fronts before occluding later in their cycle as cold core
18. • The winds are generally weaker.
development of cyclonic circulation in atmosphere.
Extra tropical transistion:
process by which a tropical cyclone upon encountering
with a baroclinic environment and reduced sea surface
transforms into an extra tropical cyclone
19. Polar cyclones
• Polar cyclones are 1000 to 2000 km wide in
which the air is moving in a spiral counter
clockwise in Northern hemisphere.
• Occur in Polar Regions like Greenland, Siberia
and Artic ,Antarctica and northern canada.
• Usually stronger in winter months.
• Damages are usually minimal, as they occur in
areas that aren't very populated
20. Polar Lows or Arctic Hurricanes
• Forms over Arctic and Antarctic seas.
• Sparked by frigid air moving over somewhat
warmer ocean waters.
• Their energy source – heat transfer from
water to air and latent heat released by cloud
• Often form quickly, sometimes in less than 24
hours, and can be difficult to forecast.
• Is when part of a thunderstorm cloud starts to
spin, which may eventually lead to a tornado.
• Tornadoes all come from thunderstorm clouds,
but not all thunderstorm clouds make
• Rotating “wall clouds” may descend from
mesocyclones and ultimately form a funnel
cloud, which, if it contacts the ground,
becomes a tornado.
23. How mesocyclone and Tornado
Primary requirement - A wind shear, where wind blows
faster in one spot than another (A blanket of air is
flowing over another one).
This sets up a rolling vortex, a horizontally rotating mass
of air (like the way a wave breaks when it gets to a
This spinning vortex in the middle is called a
24. An updraft then lifts that vortex, which then
spins vertically.( Updraft happens when moist
air moves upwards)
Rotating “wall clouds” may descend and
ultimately form a funnel cloud, which, if it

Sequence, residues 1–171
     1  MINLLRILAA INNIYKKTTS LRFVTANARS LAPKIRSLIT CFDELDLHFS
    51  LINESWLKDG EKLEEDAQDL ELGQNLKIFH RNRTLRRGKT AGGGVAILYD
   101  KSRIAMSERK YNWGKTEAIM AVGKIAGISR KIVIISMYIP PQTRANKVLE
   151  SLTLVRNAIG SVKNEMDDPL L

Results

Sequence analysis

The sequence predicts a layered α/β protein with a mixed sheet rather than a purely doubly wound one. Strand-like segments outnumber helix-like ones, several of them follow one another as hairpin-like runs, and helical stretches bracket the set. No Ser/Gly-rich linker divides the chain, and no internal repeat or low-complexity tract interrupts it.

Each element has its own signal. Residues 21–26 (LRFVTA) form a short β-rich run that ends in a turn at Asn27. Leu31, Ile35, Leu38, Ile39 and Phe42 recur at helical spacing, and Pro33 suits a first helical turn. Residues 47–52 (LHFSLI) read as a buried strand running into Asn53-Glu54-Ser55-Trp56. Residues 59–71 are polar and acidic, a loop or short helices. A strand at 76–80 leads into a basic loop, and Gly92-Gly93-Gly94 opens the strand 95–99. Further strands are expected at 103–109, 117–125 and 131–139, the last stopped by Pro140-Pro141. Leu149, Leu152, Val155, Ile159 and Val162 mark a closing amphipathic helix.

contacts the ground, becomes a tornado
28. • More cyclone occur in bay of Bengal than in
Arabian sea and the ratio is 4:1
• Indian Ocean is one of six major cyclone prone
regions of the world
• There are two definite seasons of tropical
cyclones in the North Indian Ocean. One is
from May to June and the other from mid-
September to mid-December
31. Classified into three:
• Primary hazard : involves destructive winds,
debris and storm surge.
• Secondary hazards: include flooding and fires.
• Tertiary hazards: include spikes in prices of food
and other necessities, as well as long term hazards
like water-borne diseases.
32. Upon landfall
The most significant effects of a tropical cyclone
occur when they cross coastlines,
making landfall (destroys ships and lives)
1. Strong winds
2. Storm surge
3. Heavy rainfal
33. Effects on natural resources
– reshape the geology near the coast by eroding sand
from the beach as well as offshore, rearranging
coral, and changing dune configuration onshore
• Coastal ridges
– erode undersea sands, shell deposits, break off
corals from shore reefs, and carry all this detritus
landwards in a rolling wave of material that is
34. • Limestone cave
– When tropical cyclones cross land, thin layers of calcium
carbonate of 'light' composition (i.e. unusual isotopic ratio
of Oxygen-18 and Oxygen-16) are deposited onto
limestone caves up to 300 kilometres (190 mi) from the